Effect of magnetic resonance imaging on microleakage of amalgam restorations: an in vitro study
Shahidi SH ,* Bronoosh P, Alavi A-A, Zamiri B, Sadeghi A-R , Bagheri M-H, Javadpour S
The technique of MRI, using powerful magnets, plays an important role in the diagnosis of diseases of the head and neck without any ionizing radiation. Because of the potential hazard imposed by the presence of ferromagnetic metals, patients with implanted metallic objects are excluded from MRI. However , amalgam restorations seem to be safe. The purpose of this study was to evaluate microleakage of amalgam restorations following MRI .
63 human freshly extracted premolars were divided into 3 groups based on 3 high-copper amalgams used to restore standard class V preparations on both buccal and lingual surfaces. Three different amalgam materials were used: Cinalux, GS-80 and Vivacap . The teeth were transferred into saline solution for 2 months at room temperature and then sectioned mesiodistally. MRI was randomly applied to one half of each section, and the other half was kept as a control. Following MRI, all specimens were immersed in a dye solution, sectioned and scored for any microleakage using a stereomicroscope .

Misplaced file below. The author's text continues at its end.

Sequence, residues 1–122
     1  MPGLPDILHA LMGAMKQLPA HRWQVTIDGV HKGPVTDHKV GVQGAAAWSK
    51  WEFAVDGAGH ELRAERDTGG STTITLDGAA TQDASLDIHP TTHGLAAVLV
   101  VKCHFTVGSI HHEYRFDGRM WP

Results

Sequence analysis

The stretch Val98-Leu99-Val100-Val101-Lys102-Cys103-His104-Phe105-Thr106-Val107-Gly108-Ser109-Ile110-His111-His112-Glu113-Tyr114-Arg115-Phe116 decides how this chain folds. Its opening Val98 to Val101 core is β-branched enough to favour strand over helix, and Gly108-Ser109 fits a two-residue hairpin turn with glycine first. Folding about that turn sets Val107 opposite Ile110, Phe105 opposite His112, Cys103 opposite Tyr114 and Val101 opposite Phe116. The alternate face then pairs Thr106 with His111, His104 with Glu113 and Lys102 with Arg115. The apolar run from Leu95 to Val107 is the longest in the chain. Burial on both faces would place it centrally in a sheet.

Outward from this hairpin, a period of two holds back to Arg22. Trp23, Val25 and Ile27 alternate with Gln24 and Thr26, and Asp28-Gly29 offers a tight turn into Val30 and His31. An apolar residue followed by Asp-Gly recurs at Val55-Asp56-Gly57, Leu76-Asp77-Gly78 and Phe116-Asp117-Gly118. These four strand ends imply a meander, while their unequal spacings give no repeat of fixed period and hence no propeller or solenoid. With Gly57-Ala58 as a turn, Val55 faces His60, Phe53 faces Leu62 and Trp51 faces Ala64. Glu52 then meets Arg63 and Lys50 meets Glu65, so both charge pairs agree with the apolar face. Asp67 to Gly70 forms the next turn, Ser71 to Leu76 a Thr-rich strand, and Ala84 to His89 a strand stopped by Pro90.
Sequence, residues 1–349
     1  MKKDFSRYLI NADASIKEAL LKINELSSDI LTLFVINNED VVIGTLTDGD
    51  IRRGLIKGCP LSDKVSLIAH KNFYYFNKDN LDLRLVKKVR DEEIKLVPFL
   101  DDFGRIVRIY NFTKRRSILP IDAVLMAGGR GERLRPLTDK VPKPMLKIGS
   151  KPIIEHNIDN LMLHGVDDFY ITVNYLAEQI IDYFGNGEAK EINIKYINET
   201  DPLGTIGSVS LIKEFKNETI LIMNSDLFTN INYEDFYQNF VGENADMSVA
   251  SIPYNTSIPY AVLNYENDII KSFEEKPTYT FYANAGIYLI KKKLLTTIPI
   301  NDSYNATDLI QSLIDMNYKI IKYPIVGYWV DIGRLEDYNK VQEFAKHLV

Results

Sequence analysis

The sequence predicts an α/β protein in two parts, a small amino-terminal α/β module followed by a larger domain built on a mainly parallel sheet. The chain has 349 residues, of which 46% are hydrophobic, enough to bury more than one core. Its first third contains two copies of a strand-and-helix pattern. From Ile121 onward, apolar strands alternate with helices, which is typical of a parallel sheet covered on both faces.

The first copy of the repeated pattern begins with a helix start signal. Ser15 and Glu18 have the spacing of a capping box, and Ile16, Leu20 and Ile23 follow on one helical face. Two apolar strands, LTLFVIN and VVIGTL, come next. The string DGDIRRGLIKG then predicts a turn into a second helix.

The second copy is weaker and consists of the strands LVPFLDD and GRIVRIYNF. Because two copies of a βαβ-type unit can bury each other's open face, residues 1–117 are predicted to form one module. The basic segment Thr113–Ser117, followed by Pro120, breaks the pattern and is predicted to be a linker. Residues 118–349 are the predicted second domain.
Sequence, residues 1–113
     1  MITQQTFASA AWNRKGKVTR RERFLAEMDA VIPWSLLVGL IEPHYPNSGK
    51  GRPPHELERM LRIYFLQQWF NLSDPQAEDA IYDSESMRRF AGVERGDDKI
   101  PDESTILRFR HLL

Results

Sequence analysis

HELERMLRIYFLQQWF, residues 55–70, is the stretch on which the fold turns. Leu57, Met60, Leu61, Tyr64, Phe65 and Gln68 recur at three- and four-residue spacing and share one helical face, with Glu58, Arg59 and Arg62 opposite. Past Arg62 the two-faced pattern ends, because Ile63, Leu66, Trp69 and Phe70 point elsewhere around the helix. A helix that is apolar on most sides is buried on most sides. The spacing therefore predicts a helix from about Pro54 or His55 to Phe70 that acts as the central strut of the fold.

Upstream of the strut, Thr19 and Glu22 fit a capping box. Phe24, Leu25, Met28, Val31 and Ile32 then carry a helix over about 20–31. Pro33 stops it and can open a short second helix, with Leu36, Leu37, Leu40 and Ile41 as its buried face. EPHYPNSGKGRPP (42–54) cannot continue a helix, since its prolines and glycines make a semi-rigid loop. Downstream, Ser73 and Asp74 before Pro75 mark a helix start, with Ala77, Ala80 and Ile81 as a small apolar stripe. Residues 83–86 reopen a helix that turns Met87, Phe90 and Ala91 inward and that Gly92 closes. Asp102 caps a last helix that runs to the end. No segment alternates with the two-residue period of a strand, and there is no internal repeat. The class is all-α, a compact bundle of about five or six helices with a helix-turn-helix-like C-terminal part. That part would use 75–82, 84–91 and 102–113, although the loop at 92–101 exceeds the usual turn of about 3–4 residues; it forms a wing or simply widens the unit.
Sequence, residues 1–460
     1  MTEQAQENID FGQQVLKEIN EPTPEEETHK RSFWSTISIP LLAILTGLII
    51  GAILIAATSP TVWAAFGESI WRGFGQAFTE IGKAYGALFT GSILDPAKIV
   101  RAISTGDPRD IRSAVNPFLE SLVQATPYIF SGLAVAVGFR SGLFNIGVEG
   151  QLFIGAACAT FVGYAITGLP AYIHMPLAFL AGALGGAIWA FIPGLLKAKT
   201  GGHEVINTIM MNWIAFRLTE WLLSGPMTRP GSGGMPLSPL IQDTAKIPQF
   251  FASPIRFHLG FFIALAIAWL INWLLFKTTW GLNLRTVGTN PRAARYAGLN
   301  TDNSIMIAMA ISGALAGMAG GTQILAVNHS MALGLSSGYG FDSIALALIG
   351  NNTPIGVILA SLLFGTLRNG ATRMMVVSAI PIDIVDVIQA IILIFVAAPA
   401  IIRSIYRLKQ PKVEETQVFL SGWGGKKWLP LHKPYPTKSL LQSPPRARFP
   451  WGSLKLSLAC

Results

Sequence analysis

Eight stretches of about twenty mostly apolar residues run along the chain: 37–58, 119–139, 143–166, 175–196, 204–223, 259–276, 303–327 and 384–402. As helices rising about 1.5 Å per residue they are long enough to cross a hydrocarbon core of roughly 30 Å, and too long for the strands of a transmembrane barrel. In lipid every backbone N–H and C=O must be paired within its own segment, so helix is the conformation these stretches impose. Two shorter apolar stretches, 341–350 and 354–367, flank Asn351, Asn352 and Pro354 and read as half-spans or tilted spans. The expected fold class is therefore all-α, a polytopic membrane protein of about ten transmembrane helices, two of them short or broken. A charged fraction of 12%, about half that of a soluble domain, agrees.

Differences in microleakage within each group following MRI were significant in the GS-80 and Vivacap groups but not in the Cinalux group. However, there was no significant difference between the three groups regarding the microleakage score .
The results of this study suggest that MRI is not a completely safe technique in patients with amalgam restorations . It was shown that the main effect of fields led to the appearance of thermoelectromagnetic convection, which is responsible for the enhancement of the diffusion process, grain boundary migration and vacancy formation resulting in microleakage .
( Dentomaxillofacial Radiology (2009) 38 , 470-474)
*- Department of Maxillofacial Radiology , School of Dentistry , Shiraz University of Medical Sciences, Shiraz, Iran .